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J Nutr. 2005 Mar;135(3):639S-645S.

Multiple micronutrient supplements improve micronutrient status and anemia but not growth and morbidity of Indonesian infants: a randomized, double-blind, placebo-controlled trial.

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SEAMEO-TROPMED Regional Center for Community Nutrition, University of Indonesia, Jakarta, Indonesia.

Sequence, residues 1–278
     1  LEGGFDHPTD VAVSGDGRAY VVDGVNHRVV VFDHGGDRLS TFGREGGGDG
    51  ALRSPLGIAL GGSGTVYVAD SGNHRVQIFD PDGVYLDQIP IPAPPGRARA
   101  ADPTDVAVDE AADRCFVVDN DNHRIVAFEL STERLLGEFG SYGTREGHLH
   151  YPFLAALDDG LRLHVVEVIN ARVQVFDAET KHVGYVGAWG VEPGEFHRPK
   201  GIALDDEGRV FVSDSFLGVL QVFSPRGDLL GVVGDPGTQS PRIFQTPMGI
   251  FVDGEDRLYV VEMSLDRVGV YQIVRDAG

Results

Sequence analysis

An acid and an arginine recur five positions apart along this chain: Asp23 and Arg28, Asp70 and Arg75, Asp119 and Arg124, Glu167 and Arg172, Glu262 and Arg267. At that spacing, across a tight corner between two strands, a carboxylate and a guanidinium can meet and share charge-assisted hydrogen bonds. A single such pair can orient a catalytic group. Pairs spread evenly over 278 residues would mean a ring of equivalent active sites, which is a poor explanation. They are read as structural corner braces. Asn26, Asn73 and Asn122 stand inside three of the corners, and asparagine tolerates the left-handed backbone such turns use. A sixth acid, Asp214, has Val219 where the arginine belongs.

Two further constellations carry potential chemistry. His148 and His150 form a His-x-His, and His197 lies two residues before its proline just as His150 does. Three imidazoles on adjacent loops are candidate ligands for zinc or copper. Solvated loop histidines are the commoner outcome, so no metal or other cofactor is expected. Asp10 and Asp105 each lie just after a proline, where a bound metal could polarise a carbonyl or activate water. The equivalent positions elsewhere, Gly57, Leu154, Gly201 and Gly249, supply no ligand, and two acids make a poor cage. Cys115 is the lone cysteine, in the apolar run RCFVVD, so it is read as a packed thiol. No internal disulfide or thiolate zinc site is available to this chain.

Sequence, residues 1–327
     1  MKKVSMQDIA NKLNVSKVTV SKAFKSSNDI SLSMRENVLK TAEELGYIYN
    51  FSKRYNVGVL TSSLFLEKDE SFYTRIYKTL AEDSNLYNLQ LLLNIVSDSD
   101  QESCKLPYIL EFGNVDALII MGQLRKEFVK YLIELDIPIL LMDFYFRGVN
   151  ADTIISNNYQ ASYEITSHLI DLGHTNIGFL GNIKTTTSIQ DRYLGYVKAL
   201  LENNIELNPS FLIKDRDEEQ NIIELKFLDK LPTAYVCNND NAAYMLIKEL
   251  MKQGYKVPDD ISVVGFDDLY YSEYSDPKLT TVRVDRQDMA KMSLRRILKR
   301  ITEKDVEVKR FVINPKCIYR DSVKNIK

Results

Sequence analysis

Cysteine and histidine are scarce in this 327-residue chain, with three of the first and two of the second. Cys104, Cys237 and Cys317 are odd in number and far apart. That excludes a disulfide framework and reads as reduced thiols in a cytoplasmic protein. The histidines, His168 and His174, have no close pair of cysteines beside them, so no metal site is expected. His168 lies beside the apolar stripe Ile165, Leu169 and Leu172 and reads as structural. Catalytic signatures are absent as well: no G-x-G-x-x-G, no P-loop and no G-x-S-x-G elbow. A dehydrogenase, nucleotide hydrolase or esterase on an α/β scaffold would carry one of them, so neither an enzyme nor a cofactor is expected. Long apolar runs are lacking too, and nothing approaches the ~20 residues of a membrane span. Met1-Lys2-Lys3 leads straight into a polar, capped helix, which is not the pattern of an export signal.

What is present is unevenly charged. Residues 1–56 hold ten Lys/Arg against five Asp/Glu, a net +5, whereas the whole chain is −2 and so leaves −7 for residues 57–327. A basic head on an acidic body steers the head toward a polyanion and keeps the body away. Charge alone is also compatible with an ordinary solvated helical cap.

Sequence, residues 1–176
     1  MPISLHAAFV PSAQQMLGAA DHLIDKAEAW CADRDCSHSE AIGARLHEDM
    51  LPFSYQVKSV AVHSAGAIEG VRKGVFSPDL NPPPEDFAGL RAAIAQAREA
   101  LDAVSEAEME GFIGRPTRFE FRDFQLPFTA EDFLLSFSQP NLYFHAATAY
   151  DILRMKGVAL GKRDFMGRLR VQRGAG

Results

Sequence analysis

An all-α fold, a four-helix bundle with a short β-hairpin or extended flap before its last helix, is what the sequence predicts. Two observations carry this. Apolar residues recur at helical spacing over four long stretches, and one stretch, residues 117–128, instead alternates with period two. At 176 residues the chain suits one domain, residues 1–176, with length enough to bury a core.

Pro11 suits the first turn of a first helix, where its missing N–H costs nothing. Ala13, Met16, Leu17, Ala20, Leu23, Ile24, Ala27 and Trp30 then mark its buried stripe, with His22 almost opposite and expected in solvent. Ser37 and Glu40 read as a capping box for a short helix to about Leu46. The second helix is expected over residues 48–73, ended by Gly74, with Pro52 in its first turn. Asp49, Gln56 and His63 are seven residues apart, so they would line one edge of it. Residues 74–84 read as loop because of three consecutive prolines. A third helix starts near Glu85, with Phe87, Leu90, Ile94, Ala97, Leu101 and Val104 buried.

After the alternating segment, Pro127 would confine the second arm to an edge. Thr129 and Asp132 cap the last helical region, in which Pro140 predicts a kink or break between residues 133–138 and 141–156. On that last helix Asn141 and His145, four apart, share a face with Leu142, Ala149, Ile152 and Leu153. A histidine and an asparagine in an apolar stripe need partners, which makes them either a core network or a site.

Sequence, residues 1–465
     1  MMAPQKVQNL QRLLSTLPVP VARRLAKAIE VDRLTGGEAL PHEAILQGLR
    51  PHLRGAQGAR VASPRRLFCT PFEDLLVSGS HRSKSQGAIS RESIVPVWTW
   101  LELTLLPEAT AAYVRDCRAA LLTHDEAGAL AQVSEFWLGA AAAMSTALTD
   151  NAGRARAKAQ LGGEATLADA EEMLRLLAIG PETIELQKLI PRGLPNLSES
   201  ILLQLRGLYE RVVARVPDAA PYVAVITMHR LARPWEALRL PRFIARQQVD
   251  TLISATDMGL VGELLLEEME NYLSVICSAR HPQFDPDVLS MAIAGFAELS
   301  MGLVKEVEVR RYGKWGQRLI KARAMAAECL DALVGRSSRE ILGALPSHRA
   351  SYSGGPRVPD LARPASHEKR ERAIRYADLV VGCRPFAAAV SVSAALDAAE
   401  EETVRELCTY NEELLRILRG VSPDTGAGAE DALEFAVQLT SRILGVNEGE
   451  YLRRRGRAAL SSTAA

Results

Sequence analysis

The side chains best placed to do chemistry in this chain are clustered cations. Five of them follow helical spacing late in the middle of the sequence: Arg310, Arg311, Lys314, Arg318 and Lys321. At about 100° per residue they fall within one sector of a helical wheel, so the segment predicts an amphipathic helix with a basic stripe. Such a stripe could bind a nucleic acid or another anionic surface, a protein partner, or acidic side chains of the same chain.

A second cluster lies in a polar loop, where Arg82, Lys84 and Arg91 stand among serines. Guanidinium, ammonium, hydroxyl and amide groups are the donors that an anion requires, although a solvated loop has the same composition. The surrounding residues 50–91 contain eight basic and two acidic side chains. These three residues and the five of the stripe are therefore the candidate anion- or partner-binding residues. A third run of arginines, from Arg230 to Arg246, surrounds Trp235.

Multiple micronutrient deficiencies are highly prevalent in Indonesia, but the interventions are still focused on single micronutrients. This study aimed to investigate the efficacy of multiple micronutrient supplements for improving micronutrient status, anemia, growth, and morbidity of Indonesian infants. In this double-blind, placebo-controlled trial, 284 infants aged 6-12 mo were randomly allocated to 4 treatment groups for 23 wk; 260 (92%) infants completed the study. Group 1 (DMM) received one adequate intake of multiple micronutrient supplements daily (n = 66); group 2 (WMM) received 2 adequate intakes of multiple micronutrient on 1d plus 6 d of placebo (n = 60); group 3 (DI) received 10 mg of iron supplement daily (n = 69); group 4 received a placebo supplement daily (n = 65). Blood samples were collected at baseline and at posttreatment to assess anemia and micronutrient status. Anthropometric measurements were taken monthly, and morbidity was recorded daily. At baseline, 58.1% of infants were anemic, 34.2% were iron deficient, 21.3% were vitamin A deficient, and 11% were zinc deficient. The DMM and DI supplements both corrected iron deficiency, but DMM supplements were more efficacious in improving hemoglobin levels of anemic infants than the other supplements. However, anemia still persisted in one-third of DMM infants posttreatment. The DMM supplement was more efficacious than WMM or DI supplementation in improving infant status of other micronutrients, including zinc, tocopherol, and riboflavin, whereas DI exacerbated zinc deficiency. There were no significant differences in growth and morbidity among treatment groups, and growth faltering was not prevented.

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